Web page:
Stela commissioned by Nectanebo I (r. 378–362 BC), Thonis-Heracleion, Egypt, 380 BC. On loan from National Museum, Alexandria. Photo: Christoph Gerigk. © Franck Goddio/Hilti Foundation. For centuries nobody suspected that Thonis-Heracleion and Canopus lay beneath the sea. Recorded in ancient writings and Greek mythology, the cities were believed to be lost. After sightings from a plane, a diving survey was organised in 1933 to explore submerged ruins. But it was only from 1996, with the use of innovative techniques and a huge survey covering 42 square miles of the seabed, that underwater archaeologists rediscovered the lost cities. 
Thonis-Heracleion and Canopus were thriving cities long before the foundation of the great port of Alexandria in 331 BC. Finds suggest that they were still inhabited into the AD 700s. The cities’ disappearance was caused by gradual subsidence into the sea – much like Venice today – coupled with earthquakes and tidal waves. This triggered a phenomenon known as land ‘liquefaction’, when the ground turns into liquid. 
This reconstruction shows what the port of Thonis-Heracleion could have looked like, dominated by the Temple of Amun-Gereb. Follow the link in our bio to book your tickets to our #SunkenCities exhibition. © Yann Bernard. © Franck Goddio/Hilti Foundation. Recent underwater excavations at the mouth of the Nile in Abukir Bay, Egypt, have revealed two ancient cities, perfectly preserved beneath the sea. Our #SunkenCities exhibition tells of the extraordinary rediscovery of the international port Thonis-Heracleion, and the city of Canopus, famed for their temples which attracted religious devotees from Egypt and beyond. 
Since 1996, underwater investigation using state-of-the-art technology has uncovered spectacular objects, including colossal statues, religious offerings and ancient ships. The finds shed new light on the interaction between ancient Egypt and the Greek world at a crucial period in their history, from the arrival of Greeks in Egypt around 650 BC, to the reign of the Greco-Macedonian Cleopatra VII, the last pharaoh of Egypt (51–30 BC). With only a fraction of these sites explored so far, annual excavations are continuing to uncover the cities’ long-hidden secrets. 
This 2,000-year-old bust depicts Neilos, the Nile river god. Neilos appealed to Egyptians and Greeks alike – he was the Greek version of Hapy, the Egyptian personification of the annual Nile flood that brought prosperity and fertility to the land. This bust was once mounted into a large decorative shield and adorned a temple in the ancient Egyptian city of Canopus. It was discovered by underwater archaeologists at the base of the wall on which it once hung.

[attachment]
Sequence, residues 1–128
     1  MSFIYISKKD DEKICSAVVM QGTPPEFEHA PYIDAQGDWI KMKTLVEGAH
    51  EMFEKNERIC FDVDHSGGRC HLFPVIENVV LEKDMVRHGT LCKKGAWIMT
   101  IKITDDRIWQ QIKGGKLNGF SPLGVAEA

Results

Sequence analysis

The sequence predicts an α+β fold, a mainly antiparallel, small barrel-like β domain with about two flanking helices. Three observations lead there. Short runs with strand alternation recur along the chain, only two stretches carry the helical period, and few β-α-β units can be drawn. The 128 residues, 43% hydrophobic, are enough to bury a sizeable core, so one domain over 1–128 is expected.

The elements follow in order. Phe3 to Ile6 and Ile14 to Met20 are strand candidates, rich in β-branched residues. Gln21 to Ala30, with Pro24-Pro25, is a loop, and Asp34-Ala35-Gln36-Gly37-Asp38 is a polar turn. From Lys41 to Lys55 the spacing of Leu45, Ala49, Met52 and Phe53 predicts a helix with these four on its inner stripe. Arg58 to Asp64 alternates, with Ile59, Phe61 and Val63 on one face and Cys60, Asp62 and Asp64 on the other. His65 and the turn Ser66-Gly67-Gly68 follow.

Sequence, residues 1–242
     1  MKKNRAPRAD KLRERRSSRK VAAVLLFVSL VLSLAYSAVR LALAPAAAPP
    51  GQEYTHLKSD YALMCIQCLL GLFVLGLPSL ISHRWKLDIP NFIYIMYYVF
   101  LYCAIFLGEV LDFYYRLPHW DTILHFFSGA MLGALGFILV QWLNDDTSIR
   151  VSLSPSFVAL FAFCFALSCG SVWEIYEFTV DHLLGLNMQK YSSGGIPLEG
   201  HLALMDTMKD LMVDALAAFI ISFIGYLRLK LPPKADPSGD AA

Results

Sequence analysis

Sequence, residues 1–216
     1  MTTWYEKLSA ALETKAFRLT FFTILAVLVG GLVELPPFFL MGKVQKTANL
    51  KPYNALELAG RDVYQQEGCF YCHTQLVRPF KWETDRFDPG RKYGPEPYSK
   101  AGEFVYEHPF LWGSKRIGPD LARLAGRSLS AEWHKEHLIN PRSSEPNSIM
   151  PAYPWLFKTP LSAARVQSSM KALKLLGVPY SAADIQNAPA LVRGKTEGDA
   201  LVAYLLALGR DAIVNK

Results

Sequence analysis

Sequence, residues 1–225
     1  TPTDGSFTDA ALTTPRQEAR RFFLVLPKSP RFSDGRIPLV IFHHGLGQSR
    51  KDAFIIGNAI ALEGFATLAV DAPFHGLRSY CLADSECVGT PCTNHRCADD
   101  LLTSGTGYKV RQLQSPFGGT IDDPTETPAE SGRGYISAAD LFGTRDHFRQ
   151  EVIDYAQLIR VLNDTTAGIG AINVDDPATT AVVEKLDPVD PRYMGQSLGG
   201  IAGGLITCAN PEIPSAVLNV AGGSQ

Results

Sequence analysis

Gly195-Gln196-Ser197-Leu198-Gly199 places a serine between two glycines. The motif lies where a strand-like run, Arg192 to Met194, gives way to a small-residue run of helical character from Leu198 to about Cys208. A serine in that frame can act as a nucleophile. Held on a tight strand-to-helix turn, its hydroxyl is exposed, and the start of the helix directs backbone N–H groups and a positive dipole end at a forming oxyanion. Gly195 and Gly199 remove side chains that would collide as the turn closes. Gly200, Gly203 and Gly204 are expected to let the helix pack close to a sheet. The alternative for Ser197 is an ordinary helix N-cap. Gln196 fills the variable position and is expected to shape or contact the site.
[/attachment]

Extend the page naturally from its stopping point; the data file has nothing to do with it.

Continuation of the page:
Follow the link in our bio to find out more about our unmissable exhibition. 
Bust of Neilos. Canopus, AD 100–200. On loan from Maritime Museum, Alexandria. Photo: Christoph Gerigk. © Franck Goddio/Hilti Foundation. This astonishingly detailed miniature altarpiece has been photographed by @micahfoundaquarter. Made in 1511 in the Netherlands, it’s only 25cm tall but contains incredibly intricate carvings that show Christian religious scenes in triptych form (in three parts). Aside from the masterful craftsmanship, this object is notable for its use of both Gothic and Renaissance stylings. It offers an insight into the spread of ideas and styles into northern Europe from the birthplace of the Renaissance, Italy.
Share your photos with us using #myBritishMuseum
#carving #Gothic #Renaissance #Netherlands #detail This photo by @ozemile captures the pensive expression of Marsyas, a figure from Roman and Greek mythology. Marsyas was a satyr, male companions of the Greek god of wine, Dionysus (Roman: Bacchus). Among other things they were associated with playing the aulos, an ancient type of wind instrument. In this Roman statue, Marsyas is portrayed making the fateful decision to pick up the pipes that had been invented and discarded by the goddess Athena. Later, he accepted a musical challenge against Apollo’s lyre (a small harp-like instrument). Unfortunately for Marsyas, he lost, and suffered a grisly demise for daring to challenge a god!
Share your photos with us using #myBritishMuseum
#Roman #statue #Greek #sculpture #mythology We’re highlighting some of our favourite photos taken by visitors. Don’t forget to share your photos with us using #myBritishMuseum. Here’s a great shot of the Discobolus – that means ‘discus thrower’ – by @everyjoon. The photo captures the majestic scale of the athlete, and his dynamic pose. Sculpted during the 2nd century AD in Roman Italy, the statue is in fact a copy of a Greek bronze original, made around 700 years earlier. It was found in Hadrian’s villa at Tivoli, near Rome. Among other things, it is famous for having a head that doesn’t belong to the original body. The head is very close in age and style, and uses marble that is exceptionally well-matched to the torso, but it has been attached at the wrong angle! Complete statues from the time reveal the head to be turned to look towards the discus, rather than the floor.
#Discobolus #sculpture #Roman #Greek #statue #discus
%d bloggers like this: